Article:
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Are We Measuring the Right Things? From Disclosing Datasets to! Reshaping Data Infrastructures

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Are We Measuring the Right Things? From Disclosing Datasets to! Reshaping Data Infrastructures

  1. 1. Are We Measuring the Right Things?! From Disclosing Datasets to! Reshaping Data Infrastructures 17th June, University of Cambridge Jonathan Gray | jonathangray.org | @jwyg
  2. 2. The politics of public information
  3. 3. Talk of “release”, “disclosure”, “publication”, “transparency”, “opening up” of public data
  4. 4. From the disclosure of datasets
 to shaping data infrastructures?
  5. 5. Based on two papers and research projects in progress.
  6. 6. 1. Gray, J. & Venturini, T. (forthcoming) “Rethinking the Politics of Public Information: From Opening Up Datasets to Recomposing Data Infrastructures?”.
 
 2. Gray. J. & Davies, T. (2015) “Fighting Phantom Firms in the UK: From Opening Up Datasets to Reshaping Data Infrastructures?”. Working paper available on SSRN: http://ssrn.com/abstract=2610937
  7. 7. Gray. J. & Davies, T. (2015) “Fighting Phantom Firms in the UK: From Opening Up Datasets to Reshaping Data Infrastructures?”. Available at SSRN: http://ssrn.com/abstract=2610937
  8. 8. Three parts: ! 1. Reshaping the data infrastructure for company ownership in the UK; 2. Implications for open data initiatives 
 and open data advocacy; 3. “Statactivism” and data activism.
  9. 9. Three parts: ! 1. Reshaping the data infrastructure for company ownership in the UK;! 2. Implications for open data initiatives
 and open data advocacy; 3. “Statactivism” and data activism.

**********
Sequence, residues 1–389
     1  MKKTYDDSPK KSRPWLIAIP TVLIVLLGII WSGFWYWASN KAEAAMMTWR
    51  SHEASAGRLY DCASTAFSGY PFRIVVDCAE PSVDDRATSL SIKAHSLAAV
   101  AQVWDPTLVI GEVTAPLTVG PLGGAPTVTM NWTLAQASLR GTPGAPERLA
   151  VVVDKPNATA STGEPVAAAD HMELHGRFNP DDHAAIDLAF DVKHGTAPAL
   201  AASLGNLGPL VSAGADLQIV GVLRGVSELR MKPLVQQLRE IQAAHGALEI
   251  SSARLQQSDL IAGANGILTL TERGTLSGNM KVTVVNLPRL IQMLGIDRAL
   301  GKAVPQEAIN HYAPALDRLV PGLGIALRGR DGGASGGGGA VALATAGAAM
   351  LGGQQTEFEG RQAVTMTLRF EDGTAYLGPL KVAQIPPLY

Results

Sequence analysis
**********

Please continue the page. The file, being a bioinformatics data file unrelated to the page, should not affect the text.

10. 10. Open Government Partnership Summit, October 2013
  11. 11. Joint Stock Companies Acts of 1844 and 1856
  12. 12. “Nominal ownership”
 Who is officially named as the owner?
  13. 13. “Beneficial ownership”! Who benefits from ownership and control?
  14. 14. Beneficial ownership: ! • UK law in 19th century; • Origins in trust law 11th and 12th century; • International tax rules (OECD) from 1970s; • “Financial Action Task Force” (FATF) in relation to money laundering and illicit financial flows.
  15. 15. Civil society campaigning in the UK commencing around 2012
  16. 16. G8 “Lough Erne Declaration” in June 2013
  17. 17. “Transparency and Trust” consultation in July 2013
  18. 18. Civil society actors included: ! • Action Aid • Avaaz • CAFOD • Christian Aid • European Network on Debt and Development • Financial Transparency Coalition • Global Witness • IF campaign • Involve • ONE • OpenCorporates • Open Knowledge • Oxfam • Publish What You Pay UK • Save The Children • Tax Justice Network • Tax Research UK • Tearfund • The Rules • The Transparency and Accountability Initiative • Transparency International UK • War on Want • World Development Movement
  19. 19. Beneficial ownership advocacy: ! • Consultation responses; • Joint open letters; • Petitions; • Public events; • Media engagement.
  20. 20. Beneficial ownership advocacy: ! • Meetings as part of OGP National Action Plan; • Cost-benefit analysis of public register; • Analysis of not publishing different data fields; • Opinion polls to gauge support of broader publics; • Addressing concerns around privacy, data protection and administrative burden; • Petition of 22,000 business owners; • Evidence of data quality improvements and personal information as part of public record; • Software development and design to mock up how a public register might look and function.
  21. 21. Three parts: ! 1. Reshaping the data infrastructure for company ownership in the UK; 2. Implications for open data initiatives and open data advocacy; 3. “Statactivism” and data activism.
  22. 22. Three parts: ! 1. Reshaping the data infrastructure for company ownership in the UK; 2. Implications for open data initiatives and open data advocacy;! 3. “Statactivism” and data activism.
  23. 23. In case of beneficial ownership advocacy, the disclosure of existing datasets was not enough.
  24. 24. Civil society organisations had to undertake a more creative, sustained and holistic engagement with shaping and influencing the development of data infrastructures as socio-technical systems.